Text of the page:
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My Dying Bride : The Manuscript (EP)


My Dying Bride’s latest EP remains inconclusive and does not quite deliver the promise made by their last full-length, but fans still need it for the title track alone.



With their latest album A Map of All Our Failures, UK veterans My Dying Bride stirred up quite some enthusiasm throughout the scene. Even though they did not return to their Death Doom roots, they surely presented some of their best material since they first turned to a softer approach with their classic The Angel and the Dark River back in 1995. And as announced by Aaron in the phone interview he gave for our website, that was not the end of it: they had recorded four more songs during the same sessions which were yet to be released in the form of an EP. Said EP, The Manuscript, has been out for almost a year now, but this is Doom after all… Still, it would seem about time to take it under scrutiny.

Upon pressing the play button, the close connection to the last album is immediately perceptible. The opening title track alone makes the EP an obligatory purchase for all fans of the band: it brings you all the qualities of a great MDB song, including lush riffs and lead guitars, fantastic violin lines, classic vocals and pounding drums, all of this embedded in a mature arrangement and presented through a crystal-clear production. To top it off, “The Manuscript” closes with a surprising acoustic section, something we have not heard too often throughout the band’s catalogue.

For the second song, a Swedish title (“Vår Gud Över Er”, which translates to „Our God Over Yours“) has been chosen, supposedly to reflect the band’s perception of it as epic, warrior-themed Death Metal (according to what Aaron said in another interview). It is indeed the only track on the EP that features Death Metal vocals, and it does sound slightly more aggressive and epic than the rest of the tracks, but still the difference in style is not as striking as suggested by Aaron. Just like the title track, the lyrics seem to deal with how religious doctrines are, and have been, used to excuse violence and bloodshed, introducing a welcome sense of continuity to the release. Unfortunately, the first track puts listeners in too optimistic a mood, making the unexpected drop in musical quality all the more disappointing. Mind you, this is by no means a bad song – the arrangement is coherent and has been thought out carefully. But where has all the freshness and emotional immediacy gone that made A Map of All Our Failures such a success? With its straightforward approach, “Vår Gud Över Er“ is a step back to the average quality of previous MDB albums (A Line of Deathless Kings comes to mind in particular), which were never actually weak, but often too polished and predictable to inspire a downright euphoric response.

With “A Pale Shroud of Longing”, the style returns to that of the opening track, but after a promising beginning including another great violin melody and (most importantly!) a very pleasant acoustic break, the song drifts off into shockingly simplistic and unimaginative riffing which is repeated ad nauseam to no discernible end. Even after repeated listens, the arrangement seems inconclusive, resulting in a regrettable waste of potential. Again, it is not actually bad, but in connection with the preceding album, I would have expected much more (and clearly, the band can do better than this). The EP closes with a stripped-down doomy ballad the likes of which you do not hear too often. However, “Only Tears to Replace Her With” seems a little lost in the context of this short release and might have worked better in the context of a full-length, but of course this does not diminish the quality of the song as such. The opening and closing tracks are thus the most relevant and interesting compositions.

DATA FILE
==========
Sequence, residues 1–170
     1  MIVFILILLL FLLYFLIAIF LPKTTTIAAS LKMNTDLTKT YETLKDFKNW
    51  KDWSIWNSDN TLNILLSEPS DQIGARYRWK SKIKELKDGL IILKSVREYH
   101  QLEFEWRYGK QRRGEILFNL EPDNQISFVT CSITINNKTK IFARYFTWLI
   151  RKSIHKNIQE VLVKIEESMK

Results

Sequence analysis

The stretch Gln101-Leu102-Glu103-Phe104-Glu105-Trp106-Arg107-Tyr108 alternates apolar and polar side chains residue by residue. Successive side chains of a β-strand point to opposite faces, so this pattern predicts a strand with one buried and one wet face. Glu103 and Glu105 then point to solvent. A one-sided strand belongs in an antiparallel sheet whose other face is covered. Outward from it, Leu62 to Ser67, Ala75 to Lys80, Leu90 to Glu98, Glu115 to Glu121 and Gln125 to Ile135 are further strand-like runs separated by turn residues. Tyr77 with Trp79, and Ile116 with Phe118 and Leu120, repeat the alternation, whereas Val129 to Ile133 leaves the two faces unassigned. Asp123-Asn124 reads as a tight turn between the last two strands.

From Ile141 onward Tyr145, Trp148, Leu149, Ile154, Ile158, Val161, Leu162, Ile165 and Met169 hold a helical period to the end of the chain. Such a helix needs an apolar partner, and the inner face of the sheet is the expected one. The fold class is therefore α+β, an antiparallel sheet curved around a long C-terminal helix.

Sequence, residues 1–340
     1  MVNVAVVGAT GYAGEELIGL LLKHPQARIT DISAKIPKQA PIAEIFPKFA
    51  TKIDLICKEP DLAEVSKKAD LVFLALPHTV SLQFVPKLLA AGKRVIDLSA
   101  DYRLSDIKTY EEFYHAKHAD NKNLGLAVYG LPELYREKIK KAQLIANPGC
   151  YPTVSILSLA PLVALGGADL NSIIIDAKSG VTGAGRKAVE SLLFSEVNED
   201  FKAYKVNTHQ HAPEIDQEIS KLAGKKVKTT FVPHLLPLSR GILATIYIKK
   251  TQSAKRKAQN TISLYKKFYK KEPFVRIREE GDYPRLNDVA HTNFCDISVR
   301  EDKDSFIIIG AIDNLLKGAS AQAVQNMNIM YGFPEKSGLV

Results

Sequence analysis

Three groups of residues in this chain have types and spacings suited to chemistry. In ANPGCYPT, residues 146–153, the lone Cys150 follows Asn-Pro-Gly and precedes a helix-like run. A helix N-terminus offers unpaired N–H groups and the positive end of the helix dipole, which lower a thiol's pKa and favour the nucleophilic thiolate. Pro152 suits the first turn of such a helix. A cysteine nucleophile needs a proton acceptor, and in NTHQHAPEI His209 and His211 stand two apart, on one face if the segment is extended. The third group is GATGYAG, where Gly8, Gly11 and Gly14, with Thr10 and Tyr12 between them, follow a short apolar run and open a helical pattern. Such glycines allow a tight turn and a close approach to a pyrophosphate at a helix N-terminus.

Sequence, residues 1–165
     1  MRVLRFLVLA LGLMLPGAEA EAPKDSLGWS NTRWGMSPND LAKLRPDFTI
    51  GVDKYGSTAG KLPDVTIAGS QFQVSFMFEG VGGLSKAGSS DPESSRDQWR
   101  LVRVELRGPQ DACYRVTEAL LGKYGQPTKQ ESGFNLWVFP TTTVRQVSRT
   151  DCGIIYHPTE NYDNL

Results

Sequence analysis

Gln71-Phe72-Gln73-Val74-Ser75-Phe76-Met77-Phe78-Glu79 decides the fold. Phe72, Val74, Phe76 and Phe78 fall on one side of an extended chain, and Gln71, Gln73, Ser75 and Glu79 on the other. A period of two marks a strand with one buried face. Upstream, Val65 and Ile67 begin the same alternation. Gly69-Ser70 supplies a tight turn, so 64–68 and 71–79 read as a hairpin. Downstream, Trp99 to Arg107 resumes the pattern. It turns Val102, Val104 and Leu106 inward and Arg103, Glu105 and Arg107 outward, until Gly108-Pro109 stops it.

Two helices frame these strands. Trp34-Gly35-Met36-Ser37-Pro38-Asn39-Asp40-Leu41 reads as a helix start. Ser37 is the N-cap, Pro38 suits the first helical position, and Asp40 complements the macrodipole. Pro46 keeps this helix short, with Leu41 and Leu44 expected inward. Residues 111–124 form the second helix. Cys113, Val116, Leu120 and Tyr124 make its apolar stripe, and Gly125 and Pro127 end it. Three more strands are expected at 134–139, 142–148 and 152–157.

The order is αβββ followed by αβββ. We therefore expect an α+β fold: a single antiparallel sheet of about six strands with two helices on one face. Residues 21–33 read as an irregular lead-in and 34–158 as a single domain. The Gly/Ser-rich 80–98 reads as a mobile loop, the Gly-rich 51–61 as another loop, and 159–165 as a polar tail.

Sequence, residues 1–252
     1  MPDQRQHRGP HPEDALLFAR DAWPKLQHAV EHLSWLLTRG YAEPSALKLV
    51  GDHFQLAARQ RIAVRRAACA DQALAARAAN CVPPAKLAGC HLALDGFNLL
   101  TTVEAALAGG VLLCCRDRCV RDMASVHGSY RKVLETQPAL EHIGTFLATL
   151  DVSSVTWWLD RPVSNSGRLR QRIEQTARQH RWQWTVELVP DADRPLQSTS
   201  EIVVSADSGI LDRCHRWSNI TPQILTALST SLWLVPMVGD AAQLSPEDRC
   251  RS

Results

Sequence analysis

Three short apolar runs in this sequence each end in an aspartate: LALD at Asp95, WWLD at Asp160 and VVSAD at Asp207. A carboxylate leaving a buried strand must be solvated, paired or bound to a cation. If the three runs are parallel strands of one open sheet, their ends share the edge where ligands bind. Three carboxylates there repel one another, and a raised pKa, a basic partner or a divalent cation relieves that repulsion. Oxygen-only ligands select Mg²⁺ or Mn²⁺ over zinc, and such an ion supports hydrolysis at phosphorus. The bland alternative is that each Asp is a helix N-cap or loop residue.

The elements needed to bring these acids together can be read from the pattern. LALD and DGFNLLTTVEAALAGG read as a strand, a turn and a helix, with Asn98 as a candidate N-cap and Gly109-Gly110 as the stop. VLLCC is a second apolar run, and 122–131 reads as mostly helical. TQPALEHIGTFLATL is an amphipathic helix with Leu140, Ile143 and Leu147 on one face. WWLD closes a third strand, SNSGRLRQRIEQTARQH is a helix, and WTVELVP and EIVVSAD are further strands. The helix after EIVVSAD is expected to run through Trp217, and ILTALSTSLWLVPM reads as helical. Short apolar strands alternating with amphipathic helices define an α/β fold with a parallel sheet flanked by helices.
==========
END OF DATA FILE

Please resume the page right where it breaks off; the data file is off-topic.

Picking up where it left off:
On the whole, The Manuscript is a solid EP and fans will most likely feel obliged to add it to their collection (if they have not done so already). It is, however, a bit of a mixed bag and therefore hardly one of MDB’s most essential releases, and neither is it a good introduction to their catalogue. Close followers will most likely notice its shortcomings right away, and unfortunately it does not really grow on you; instead, its strange aftertaste remains no matter how much you try to fully enjoy it. Imagine eating a soup which has not been stirred properly: with the first spoonful you are lucky and it tastes as expected, but then all of a sudden, the potatoes are missing, next time there is too much pepper and with the last spoon, you feel like eating a different soup altogether which calls for a proper dessert. You may not be hungry anymore once your bowl is empty, but your meal was a strange and, ultimately, not a satisfactory one. Stir more carefully next time, I say.


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Reviewer's rating: 7/10

Information

Tracklist :
1. The Manuscript
2. Vår Gud Över Er
3. A Pale Shroud of Longing
4. Only Tears to Replace Her With

Duration : Approx. 27 minutes

Visit the My Dying Bride bandpage.

Reviewed on 2014-03-12 by Dominik Sonders
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